Round 2 Projects

Plasmonic-PECO Integrated with Mask/Respirator/Ventilator for Protection Against COVID-19

PI: Dr. Yogi Goswami, USF College of Engineering

Dr. Goswami is the inventor of Photo-electrochemical oxidation (PECO) technology, which destroys viruses and bioaerosols in the air. He has now invented a wearable device that can be integrated into a mask, respirator or ventilator.

Dispersion Modeling of Respiratory Aerosols and COVID-19 Infection Risk Analysis in Airport Terminals

PI: Dr. Andres Tejada-Martinez, College of Engineering

A recent study published in The New England Journal of Medicine found that the virus that leads to COVID-19 remains viable in aerosols for up to three hours after emission, and that asymptomatic carriers of COVID-19 can transmit the virus through breathing and speaking. A computational framework will be developed consisting of aerosol dispersion modeling validated against physical laboratory experiments and combined with infection risk analysis in common spaces. The framework will be applied to determine probabilities of aerosol transmission of COVID-19 in airport terminals.

Exploring Racial Disparities in the Treatment, Perceptions, and Tracking of COVID-19 Through Automated Stigma Detection and Sentiment Analysis of Social Media Data

PI: Dr. Tempestt Neal, College of Engineering

This project is an interdisciplinary collaboration between the USF's departments of Computer Science and Engineering, Electrical Engineering, and Mental Health Law & Policy, where faculty members have expertise in text analytics, writer demographics, topical profiling, and thematic coding. The researchers will extract and study discussions on COVID-19 in the African-American community with the goal of understanding how personal experiences and stigma shape and impact understanding and perceptions of the disease. Social media trend analysis has been cited as an effective methodology for flagging, tracking, alerting and educating communities regarding the spread of a disease. The researchers are designing a machine learning tool capable of analyzing the estimated 1.64 billion tweets posted daily by African American Twitter users.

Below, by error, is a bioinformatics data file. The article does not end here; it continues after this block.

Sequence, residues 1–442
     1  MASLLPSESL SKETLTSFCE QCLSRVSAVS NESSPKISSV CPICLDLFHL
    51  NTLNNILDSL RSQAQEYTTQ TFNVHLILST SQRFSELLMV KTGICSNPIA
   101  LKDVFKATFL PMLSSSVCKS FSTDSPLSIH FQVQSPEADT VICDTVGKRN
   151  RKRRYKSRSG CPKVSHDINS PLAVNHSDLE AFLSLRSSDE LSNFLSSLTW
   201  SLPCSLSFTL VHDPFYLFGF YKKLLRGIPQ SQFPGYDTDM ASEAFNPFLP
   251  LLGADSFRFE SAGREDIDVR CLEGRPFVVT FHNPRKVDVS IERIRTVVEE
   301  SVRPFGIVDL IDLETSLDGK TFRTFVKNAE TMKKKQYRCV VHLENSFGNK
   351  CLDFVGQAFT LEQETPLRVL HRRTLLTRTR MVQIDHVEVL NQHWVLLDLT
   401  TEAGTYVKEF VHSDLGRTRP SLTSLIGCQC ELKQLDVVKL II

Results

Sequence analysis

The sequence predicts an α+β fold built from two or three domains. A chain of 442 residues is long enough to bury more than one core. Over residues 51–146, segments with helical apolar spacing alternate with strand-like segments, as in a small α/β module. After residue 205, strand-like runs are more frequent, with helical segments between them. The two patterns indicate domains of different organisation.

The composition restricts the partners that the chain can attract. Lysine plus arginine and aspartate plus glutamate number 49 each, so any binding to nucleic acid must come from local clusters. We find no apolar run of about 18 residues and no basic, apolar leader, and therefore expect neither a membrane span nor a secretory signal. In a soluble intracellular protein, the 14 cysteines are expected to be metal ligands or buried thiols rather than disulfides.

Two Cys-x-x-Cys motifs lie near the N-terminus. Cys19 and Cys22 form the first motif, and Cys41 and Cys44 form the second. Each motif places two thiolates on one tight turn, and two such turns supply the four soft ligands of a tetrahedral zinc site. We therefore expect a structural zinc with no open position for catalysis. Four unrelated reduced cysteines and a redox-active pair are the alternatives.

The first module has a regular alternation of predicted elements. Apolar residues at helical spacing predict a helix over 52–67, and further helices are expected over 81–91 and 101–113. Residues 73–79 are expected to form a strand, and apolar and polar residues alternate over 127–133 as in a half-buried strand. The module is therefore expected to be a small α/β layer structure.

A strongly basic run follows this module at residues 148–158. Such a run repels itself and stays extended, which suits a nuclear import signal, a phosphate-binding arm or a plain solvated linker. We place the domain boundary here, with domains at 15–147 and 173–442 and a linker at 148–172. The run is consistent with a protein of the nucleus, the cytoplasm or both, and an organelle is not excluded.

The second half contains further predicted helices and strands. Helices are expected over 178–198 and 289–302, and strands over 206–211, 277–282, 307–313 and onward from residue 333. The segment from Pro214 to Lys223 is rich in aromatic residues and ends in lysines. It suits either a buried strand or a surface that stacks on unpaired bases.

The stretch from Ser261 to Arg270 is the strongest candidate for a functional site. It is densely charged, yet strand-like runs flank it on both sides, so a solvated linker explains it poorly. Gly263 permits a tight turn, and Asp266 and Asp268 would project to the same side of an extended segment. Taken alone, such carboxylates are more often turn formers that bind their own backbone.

Antiviral Impermeable Polyimide-Polyurea Films and Nanomembranes for Coating PPE and Packaging: COVID-19

PI: Dr. Sylvia Thomas, College of Engineering

This project will work to develop new antiviral films and coatings that could be used on personal protective equipment and product packaging to stem the spread of the virus. The team will investigate antiviral impermeable polyimide-polyurea film and nanomembrane coatings. Research has shown that polymers can be imbued with antiviral properties through the incorporation of antiviral drugs and/or components and metal (silver and copper) nanoparticles.

COVID-19 Economic Recovery Markers from Satellite Imagery for City-Scale Decisions

PI: Dr. Sudeep Sarkar, College of Engineering

A transdisciplinary team from USF, the University of California, Berkeley, and the global satellite company Maxar Technologies based in Colorado, is collaborating to develop a new tool that would provide insight into economic activity and recovery. The project would develop economic trend forecasts based on satellite images taken at regular intervals and augmented with information from other sources such as community mobility data, flight tracker data, and railway tracking data. Satellite imagery can support analysts and policymakers' decision-making by providing a different kind of visibility into the unfolding economic changes that are not captured by other data sources, the researchers said.